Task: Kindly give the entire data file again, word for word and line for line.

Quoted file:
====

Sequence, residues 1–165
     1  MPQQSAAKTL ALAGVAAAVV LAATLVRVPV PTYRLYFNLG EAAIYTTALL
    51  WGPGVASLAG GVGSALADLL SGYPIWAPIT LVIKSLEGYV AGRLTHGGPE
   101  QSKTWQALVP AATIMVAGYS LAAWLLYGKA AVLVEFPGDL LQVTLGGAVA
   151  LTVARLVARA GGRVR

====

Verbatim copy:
Sequence, residues 1–165
     1  MPQQSAAKTL ALAGVAAAVV LAATLVRVPV PTYRLYFNLG EAAIYTTALL
    51  WGPGVASLAG GVGSALADLL SGYPIWAPIT LVIKSLEGYV AGRLTHGGPE
   101  QSKTWQALVP AATIMVAGYS LAAWLLYGKA AVLVEFPGDL LQVTLGGAVA
   151  LTVARLVARA GGRVR